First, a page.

By Carrie Luger Slayback
On vacation, my husband, Paul and I strolled down a San Louis Obispo street. A 50ish lady in a plaid shirt, caught up, and said, “You look great!” Days later, on the Huntington Beach boardwalk, returning home from a run, I received the same comment from a young woman who told me she was a P.E. teacher.
They both came from behind me and figured I was younger. Upon a closer look, they were taken aback. “She ain’t young,” they realized. The unspoken subtext of both of these lovely compliments, was “You look good, for your age.”
An art class pal dropped by to leave her painting for our Senior Center art show. She met Paul, and told me later, “I was surprised. He looks so young!”
WHAT’s responsible for these spontaneous remarks about youthful looks?
Two books, Younger Next Year for Men/for Women by Chris Crowley, an active senior, and his doctor, Henry S. Lodge M.D., give specific directions for maintaining “youth.”
You have only two choices as you age—growth or decay. In alternating chapters between Crawley, and Lodge, the authors simplify the body’s growth/decay rhythm into two enzymes:
—Cytokine 6, master chemical for decay and inflammation
—Cytokine 10, responsible for growth and recovery.
Adulthood tips you down the slide to the countdown of decay.
Challenge decay, the authors recommend, with vigorous exercise, six-days-a-week, 45-minutes—four days aerobic and two of weight training. During exertion, your body produces lots of the destructive enzyme, C-6.
Flood your body with the decay enzyme? Why?
Because the C-10 comes roaring in, repairing all the muscles you’ve shredded and the joints you’ve stressed, sweeping away inflammation in the process. Your replacement parts are “young!”
By sweating, exerting real effort, being breathless you’ve stressed your body, demanding it to respond with repair and growth.
Daily workouts make people “look younger,” because the muscle and sinew they continually renew is new. No 100% guarantees. Anyone can fall ill, but you help your chances for robust aging by daily aerobic movement. (Sweat!)
Did you know that death and rebuilding is a normal bodily process? Here are examples from the book:
-thigh muscle cells, replaced about every four months
-blood cells, replaced every three months
-platelets, replaced every ten days
-bones, every couple of years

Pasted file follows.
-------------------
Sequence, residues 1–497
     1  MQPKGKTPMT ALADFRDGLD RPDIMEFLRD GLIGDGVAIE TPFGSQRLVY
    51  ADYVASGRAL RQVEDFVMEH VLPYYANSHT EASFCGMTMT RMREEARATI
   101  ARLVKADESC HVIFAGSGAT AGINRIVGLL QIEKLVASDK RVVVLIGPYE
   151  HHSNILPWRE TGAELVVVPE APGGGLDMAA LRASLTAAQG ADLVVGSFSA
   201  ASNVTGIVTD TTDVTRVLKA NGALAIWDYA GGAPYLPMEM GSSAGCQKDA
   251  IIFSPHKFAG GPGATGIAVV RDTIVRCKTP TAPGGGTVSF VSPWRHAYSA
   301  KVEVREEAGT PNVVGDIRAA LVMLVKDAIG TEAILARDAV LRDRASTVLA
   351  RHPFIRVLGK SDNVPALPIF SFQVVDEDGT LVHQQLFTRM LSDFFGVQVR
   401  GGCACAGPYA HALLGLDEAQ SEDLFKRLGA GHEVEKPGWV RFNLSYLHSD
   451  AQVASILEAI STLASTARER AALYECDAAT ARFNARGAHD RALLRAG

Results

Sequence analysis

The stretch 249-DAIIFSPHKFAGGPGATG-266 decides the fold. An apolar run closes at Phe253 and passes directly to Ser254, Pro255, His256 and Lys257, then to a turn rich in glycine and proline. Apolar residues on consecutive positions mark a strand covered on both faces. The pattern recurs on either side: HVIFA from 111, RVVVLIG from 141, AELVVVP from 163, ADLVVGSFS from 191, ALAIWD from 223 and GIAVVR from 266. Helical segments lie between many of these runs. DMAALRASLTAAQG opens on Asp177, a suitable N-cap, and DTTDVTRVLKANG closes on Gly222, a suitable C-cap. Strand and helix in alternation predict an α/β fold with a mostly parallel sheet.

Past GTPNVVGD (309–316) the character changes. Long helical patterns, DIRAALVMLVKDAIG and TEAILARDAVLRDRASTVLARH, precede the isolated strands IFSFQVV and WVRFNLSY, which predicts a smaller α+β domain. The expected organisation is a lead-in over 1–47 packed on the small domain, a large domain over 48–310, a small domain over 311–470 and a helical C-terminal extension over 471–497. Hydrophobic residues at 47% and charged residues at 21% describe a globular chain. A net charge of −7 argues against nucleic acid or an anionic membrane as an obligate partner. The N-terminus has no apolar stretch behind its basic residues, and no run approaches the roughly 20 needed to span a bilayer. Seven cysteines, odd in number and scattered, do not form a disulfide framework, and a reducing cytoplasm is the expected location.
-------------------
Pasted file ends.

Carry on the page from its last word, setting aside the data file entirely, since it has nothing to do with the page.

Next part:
-tastebuds, every single day!
“You don’t wait for a part to wear out…You destroy it at the end of it’s planned life and replace it with a new one…Biologists now believe that most cells in your body are designed to fall apart [so peopled can] adapt to new circumstances, and because older cells tend to get cancer.”
“The trick is to grow more cells than you throw out.” How? EXERCISE. “Turns out muscles control the chemistry of growth throughout the whole body.” A muscle contracts during use, sending nerve impulses, dictating, “Build body, build!”
You’re designed for moment-to-moment chemical balance between growth and decay, but what you want to do is overwhelm the atrophy signals. Instead, turn on “the machinery to build muscles, heart, capillaries, tendons, bones, joints, coordination, and so on.”
I literally run into my family doctor who shares my neighborhood running path as she walks her dog. “Wow!,” her friend, says, “How can you be out here running all the time?” I answered in one word, “Habituation.” My G.P. nods in agreement.
However, I like the way Crowley and Lodge put it, “Rely on structure more than motivation. Carve out time to exercise, make it a protected time, and guard it fiercely against intrusion.”
I get up and get out six days a week. Hate the alarm clock at 5:20, but have pushed through the abomination of early rising thousands of mornings. Somewhere in my sleepy consciousness is the memory of the early quiet of neighborhood streets, coolness of first breezes, sight of sunrise, and indescribable sensory reward of a body, well used.
Generally, I find peppy self-help books irritating, but Younger Next year for Men/ for Women are exceptions. Reading them helped me describe the “indescribable sensory reward” of my running/hiking habit. It’s called cell renewal.
Do Paul and I look “younger?” Old photos tell of striking differences over years. Looks change, but vitality is renewable. We have energy to spare. We work for it.
Invite your enzymes out for a brisk walk/run/bike ride. Turn them loose to work for you.